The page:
In 1717 the world’s first Grand Lodge was founded in London when three lodges decided to work together. Later the “Constitutions” of Andersson where written down containing rites, but also the co-called “Landmarks”. Here they come:
- belief in a Supreme Being
- belief in the immortality of the soul
- a “book of sacred law” as an indispensable part of the “furniture” (or furnishings) of the Lodge
- the legend of the Third Degree
- the secrets of Freemasonry: The modes of recognition and the symbolic ritual of the Lodge
- that a Mason be a man, freeborn, and of lawful age
Every lodge or national organisation can only dream of becoming recognised by the United Grand Lodge of England if it lives up to these Landmarks. It is easy to understand that a lodge that skipped the notion of a Supreme Being will not be recognised (point 1), neither will a lodge that accepts membership of other people than “a man” (point 6).
Recognised organisations call themselves “regular” and the rest “irregular”, “clandestine” or even “false” or “bogus”. When you look at ‘the other camp’, you will come accross dichotomes such as “dogmatic” versus “adogmatic” Freemasonry or “Anglo-Saxon” (or “Anglo-American”) versus “continental” Freemasonry. Some organisations speak about “modern” or “liberal” Freemasonry.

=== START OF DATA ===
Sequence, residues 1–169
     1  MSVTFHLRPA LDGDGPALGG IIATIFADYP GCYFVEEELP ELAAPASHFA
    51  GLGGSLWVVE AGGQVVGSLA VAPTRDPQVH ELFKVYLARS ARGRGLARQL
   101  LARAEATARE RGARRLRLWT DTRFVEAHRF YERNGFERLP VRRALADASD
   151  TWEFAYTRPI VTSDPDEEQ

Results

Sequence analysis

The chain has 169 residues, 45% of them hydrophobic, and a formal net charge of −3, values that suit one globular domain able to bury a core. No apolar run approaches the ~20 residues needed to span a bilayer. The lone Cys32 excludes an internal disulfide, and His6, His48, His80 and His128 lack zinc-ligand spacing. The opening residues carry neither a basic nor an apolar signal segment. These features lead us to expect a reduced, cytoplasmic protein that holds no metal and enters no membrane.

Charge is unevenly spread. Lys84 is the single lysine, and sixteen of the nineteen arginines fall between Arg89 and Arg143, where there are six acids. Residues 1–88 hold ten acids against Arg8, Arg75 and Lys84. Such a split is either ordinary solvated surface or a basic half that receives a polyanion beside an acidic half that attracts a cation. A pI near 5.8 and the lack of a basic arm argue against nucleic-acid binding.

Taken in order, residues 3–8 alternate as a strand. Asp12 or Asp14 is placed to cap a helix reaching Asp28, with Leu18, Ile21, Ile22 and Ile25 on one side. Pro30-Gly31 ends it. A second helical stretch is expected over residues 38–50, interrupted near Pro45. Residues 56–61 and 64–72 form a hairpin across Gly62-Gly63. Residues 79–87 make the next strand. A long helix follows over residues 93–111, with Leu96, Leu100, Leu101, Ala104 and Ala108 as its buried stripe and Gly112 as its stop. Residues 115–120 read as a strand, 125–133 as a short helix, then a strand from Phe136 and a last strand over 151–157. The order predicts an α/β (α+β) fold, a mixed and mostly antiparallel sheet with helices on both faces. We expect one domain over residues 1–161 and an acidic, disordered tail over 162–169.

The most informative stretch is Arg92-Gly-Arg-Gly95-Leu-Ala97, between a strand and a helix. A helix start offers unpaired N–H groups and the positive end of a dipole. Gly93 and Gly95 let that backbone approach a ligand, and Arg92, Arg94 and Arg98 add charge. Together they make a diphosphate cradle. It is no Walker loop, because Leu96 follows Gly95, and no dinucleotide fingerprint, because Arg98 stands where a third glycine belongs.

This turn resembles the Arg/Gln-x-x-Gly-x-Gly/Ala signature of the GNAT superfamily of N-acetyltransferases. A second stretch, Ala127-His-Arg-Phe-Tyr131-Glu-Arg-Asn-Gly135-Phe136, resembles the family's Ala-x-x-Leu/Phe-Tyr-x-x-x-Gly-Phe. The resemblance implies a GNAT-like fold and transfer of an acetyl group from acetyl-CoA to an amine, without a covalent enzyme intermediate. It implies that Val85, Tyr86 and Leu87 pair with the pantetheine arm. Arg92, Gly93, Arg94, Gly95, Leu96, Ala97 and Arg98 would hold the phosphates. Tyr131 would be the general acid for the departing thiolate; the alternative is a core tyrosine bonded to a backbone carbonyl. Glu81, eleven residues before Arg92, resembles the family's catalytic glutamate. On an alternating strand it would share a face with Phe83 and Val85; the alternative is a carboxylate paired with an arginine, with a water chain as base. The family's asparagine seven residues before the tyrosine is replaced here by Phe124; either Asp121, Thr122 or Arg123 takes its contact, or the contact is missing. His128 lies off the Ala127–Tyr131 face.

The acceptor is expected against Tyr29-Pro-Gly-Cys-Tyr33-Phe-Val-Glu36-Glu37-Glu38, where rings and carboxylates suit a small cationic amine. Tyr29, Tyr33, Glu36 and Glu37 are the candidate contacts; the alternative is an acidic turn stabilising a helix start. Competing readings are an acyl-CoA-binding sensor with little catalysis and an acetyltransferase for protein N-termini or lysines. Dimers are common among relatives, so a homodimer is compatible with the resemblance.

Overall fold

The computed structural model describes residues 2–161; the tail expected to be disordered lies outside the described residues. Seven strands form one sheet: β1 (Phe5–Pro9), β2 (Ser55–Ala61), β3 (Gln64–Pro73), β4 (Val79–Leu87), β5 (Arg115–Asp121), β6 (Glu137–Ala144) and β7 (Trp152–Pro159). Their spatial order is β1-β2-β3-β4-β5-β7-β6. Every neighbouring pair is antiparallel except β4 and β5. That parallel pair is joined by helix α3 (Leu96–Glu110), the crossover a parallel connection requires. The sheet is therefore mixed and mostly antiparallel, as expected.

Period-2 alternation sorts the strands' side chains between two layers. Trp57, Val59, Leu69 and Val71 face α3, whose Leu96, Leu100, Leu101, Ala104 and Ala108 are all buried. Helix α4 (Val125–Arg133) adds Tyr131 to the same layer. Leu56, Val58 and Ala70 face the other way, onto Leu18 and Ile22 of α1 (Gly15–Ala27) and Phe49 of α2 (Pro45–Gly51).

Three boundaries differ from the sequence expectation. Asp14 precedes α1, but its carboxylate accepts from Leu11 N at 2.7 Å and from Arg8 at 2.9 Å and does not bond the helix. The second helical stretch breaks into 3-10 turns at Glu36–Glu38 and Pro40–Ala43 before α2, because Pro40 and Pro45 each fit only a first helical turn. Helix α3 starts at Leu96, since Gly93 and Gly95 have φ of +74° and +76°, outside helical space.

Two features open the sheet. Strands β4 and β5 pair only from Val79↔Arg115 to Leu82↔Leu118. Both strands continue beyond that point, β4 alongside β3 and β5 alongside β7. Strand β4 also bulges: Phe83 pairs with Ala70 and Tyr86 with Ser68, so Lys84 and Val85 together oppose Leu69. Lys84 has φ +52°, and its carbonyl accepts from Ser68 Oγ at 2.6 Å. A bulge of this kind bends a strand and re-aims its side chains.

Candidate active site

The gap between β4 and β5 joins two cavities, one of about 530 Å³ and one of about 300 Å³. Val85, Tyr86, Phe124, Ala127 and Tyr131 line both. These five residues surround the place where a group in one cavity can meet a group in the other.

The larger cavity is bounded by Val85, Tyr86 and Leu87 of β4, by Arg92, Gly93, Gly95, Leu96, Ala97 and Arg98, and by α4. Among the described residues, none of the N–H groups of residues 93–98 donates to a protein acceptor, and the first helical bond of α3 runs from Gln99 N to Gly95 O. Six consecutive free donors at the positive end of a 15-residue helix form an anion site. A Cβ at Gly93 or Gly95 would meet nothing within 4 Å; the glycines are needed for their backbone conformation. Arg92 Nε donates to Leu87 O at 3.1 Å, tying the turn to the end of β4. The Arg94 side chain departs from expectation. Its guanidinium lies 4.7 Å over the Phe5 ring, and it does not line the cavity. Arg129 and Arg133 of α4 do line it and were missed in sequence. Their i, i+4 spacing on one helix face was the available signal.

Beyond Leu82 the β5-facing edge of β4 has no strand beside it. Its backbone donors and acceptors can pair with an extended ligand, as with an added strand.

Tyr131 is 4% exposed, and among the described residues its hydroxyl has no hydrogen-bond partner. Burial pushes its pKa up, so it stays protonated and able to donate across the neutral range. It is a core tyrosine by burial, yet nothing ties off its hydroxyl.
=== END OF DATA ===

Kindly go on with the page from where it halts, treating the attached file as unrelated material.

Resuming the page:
This latter branch can be men-only, but a lodge wants to be able to discuss politics within the lodge, or it does not want to impose the Bible, or -of course- it allows (only) women to join.
Is it fair that organisations that know it will never be recognised by UGLE use the term “Freemasonry”? That is a valid question. They have done so for over a century, so this seems to be a fact we have to live with. The point is, there are now organisations linked to ‘London’ and organisations that are not. Those that are, are in most countries the largest and often the members look down on ‘the other kinds of’ Freemasonry. The relations seem to get better though. More and more UGLE-related Freemasons are open to the idea that there are other Freemasons too, but since there is no official recognition, they will not sit in the same lodge.
On ‘both sides’ things are more complicated as stated above. It is not as simple as that UGLE decides which Grand Lodge or Grand Orient is “regular”. Grand Lodge A and Grand Orient B can “recognise” one another (without having to ask UGLE), but that does not necessarily mean that Grand Lodge C does too. In most cases this is true though.
Within “liberal” Freemasonry something similar is going on. One organisation can have relations with another, but not with the next. An unrecognised (by UGLE) men-only organisation does not necessarily have relations with a mixed gender order just it is not recognised by UGLE too.
Yep, it can all be pretty confusing.